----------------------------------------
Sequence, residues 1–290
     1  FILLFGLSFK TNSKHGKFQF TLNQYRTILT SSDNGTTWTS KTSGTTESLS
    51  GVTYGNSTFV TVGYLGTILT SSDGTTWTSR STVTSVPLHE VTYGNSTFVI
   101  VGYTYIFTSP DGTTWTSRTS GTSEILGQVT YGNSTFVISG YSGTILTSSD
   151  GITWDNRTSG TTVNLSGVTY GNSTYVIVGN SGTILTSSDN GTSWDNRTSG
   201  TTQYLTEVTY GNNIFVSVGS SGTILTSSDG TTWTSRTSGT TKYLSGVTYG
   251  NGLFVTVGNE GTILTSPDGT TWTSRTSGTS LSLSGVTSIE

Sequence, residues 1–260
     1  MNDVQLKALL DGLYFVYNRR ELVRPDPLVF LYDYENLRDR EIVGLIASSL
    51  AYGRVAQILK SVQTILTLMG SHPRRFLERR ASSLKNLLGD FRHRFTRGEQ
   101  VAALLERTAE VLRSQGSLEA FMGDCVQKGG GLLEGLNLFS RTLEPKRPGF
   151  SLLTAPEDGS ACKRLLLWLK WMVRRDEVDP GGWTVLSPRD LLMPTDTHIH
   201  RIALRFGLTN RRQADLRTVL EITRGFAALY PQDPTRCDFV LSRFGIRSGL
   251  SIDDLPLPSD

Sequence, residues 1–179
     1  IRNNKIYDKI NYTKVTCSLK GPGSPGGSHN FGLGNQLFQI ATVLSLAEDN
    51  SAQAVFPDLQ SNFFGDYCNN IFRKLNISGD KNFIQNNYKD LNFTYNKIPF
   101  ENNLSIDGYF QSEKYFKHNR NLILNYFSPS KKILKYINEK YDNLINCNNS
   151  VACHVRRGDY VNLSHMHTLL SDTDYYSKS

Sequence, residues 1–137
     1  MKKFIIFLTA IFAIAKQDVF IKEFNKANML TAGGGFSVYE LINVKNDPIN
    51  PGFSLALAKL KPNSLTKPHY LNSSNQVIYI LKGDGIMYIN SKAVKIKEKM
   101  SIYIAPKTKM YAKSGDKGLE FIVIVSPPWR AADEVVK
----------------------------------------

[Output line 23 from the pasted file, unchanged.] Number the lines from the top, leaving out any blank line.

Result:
   101  SIYIAPKTKM YAKSGDKGLE FIVIVSPPWR AADEVVK